How much would've recruiting in Texas changed if the Big 12 had fallen apart?

There's no doubting the influence the state of Texas has on recruiting in the Big 12.

Now that realignment has settled down in college athletics, it's interesting to think about the recruiting "what ifs" and "what might've beens."

Those are scenarios the Houston Chronicle tackled Sunday, pointing out that "in 2010, 48.1 percent of the 287 high school players signed by the [Big] 12 schools came from Texas. The next largest contributor was Florida with 18 players."

Had the Big 12 dissolved the recruiting landscape in Texas might not have changed drastically however. In-state schools like Texas, Texas A&M, Texas Tech and Baylor have built-in geographic recruiting advantages, and other schools in the Big 12 depend heavily on the depth of talent in Texas.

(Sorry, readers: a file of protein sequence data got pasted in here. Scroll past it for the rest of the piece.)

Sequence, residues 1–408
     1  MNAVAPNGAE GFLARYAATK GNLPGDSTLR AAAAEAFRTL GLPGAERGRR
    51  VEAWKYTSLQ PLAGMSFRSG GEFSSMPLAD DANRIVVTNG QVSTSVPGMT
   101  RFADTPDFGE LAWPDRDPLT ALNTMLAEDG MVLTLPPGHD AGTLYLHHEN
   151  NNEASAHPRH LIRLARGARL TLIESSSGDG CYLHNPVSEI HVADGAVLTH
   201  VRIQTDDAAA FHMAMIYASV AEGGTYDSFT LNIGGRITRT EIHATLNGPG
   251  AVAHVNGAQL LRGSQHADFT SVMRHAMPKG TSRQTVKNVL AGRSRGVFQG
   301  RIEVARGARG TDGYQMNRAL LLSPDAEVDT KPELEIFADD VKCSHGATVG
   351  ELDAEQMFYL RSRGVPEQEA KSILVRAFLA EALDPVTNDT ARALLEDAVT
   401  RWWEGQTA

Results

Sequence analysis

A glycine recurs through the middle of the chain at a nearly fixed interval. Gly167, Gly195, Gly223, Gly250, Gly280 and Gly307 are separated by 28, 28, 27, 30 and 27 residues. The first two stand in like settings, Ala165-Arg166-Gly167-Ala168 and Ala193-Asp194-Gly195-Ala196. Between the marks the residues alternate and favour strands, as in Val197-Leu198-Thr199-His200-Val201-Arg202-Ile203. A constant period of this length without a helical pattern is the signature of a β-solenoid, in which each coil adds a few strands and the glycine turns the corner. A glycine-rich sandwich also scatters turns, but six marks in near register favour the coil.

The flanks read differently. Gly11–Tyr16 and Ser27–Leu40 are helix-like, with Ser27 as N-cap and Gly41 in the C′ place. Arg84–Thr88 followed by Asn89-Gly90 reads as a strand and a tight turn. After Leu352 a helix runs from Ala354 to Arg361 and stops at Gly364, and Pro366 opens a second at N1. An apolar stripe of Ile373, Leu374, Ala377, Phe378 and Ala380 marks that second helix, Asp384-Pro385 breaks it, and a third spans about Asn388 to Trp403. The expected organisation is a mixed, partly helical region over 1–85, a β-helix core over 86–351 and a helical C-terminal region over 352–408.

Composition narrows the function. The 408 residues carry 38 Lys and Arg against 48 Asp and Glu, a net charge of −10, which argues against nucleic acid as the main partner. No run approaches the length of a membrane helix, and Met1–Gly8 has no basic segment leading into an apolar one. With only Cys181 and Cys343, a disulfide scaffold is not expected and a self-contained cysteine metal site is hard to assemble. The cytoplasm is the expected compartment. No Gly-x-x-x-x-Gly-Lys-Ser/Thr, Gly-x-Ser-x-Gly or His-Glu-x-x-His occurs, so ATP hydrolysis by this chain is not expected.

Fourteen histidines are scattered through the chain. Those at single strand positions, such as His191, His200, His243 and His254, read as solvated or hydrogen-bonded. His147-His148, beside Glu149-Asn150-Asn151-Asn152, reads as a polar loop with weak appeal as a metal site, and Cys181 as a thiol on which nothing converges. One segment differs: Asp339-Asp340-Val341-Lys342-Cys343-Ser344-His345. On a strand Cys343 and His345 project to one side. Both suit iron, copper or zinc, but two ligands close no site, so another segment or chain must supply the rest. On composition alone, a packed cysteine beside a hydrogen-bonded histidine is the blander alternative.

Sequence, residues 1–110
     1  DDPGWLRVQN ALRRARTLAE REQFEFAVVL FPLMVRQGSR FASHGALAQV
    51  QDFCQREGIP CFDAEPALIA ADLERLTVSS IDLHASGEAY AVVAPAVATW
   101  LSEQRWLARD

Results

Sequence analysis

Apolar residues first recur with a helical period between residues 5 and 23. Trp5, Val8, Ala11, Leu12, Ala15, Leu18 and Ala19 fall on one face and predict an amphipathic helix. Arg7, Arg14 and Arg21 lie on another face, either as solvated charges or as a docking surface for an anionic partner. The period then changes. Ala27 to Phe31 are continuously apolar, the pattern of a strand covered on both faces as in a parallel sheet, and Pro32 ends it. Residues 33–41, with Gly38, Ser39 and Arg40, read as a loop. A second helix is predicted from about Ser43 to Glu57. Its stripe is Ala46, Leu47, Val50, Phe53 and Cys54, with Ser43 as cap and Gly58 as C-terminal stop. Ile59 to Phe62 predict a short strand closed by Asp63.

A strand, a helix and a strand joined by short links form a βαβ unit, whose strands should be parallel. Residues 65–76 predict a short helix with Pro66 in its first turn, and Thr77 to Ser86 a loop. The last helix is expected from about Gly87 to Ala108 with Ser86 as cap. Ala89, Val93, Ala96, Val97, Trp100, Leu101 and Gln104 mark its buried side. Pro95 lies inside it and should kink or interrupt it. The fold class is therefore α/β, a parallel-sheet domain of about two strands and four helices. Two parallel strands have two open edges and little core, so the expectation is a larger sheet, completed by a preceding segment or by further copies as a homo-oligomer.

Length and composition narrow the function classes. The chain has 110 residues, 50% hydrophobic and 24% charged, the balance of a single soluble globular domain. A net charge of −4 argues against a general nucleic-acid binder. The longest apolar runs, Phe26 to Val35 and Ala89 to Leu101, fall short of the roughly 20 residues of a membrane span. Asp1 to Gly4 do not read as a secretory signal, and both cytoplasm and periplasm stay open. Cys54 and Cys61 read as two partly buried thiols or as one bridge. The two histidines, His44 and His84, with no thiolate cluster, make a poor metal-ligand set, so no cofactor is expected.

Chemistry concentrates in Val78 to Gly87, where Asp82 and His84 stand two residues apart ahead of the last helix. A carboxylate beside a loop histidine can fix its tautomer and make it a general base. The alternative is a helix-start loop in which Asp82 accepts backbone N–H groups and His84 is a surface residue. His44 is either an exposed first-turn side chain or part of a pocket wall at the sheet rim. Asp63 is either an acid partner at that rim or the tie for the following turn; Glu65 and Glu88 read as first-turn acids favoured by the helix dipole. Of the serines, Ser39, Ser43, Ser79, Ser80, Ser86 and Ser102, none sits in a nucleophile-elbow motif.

"Kansas, Missouri, Iowa -- they just don't have the population base. They have to come here," Randy Rodgers, a former University of Texas recruiting coordinator, said in the story.

Look at Kansas too -- the Jayhawks "signed more players from Dallas-Fort Worth alone than it has signed from its own state," the report says.

Meanwhile, departing Big 12 member Nebraska might have the biggest impact on recruiting in Texas. It could be harder for the Huskers to attract Texas-bred players without being able to tell those players they'll be able to compete close to home. The Huskers' current football roster has 26 players from Texas including 13 from here in the Dallas-Fort Worth area.

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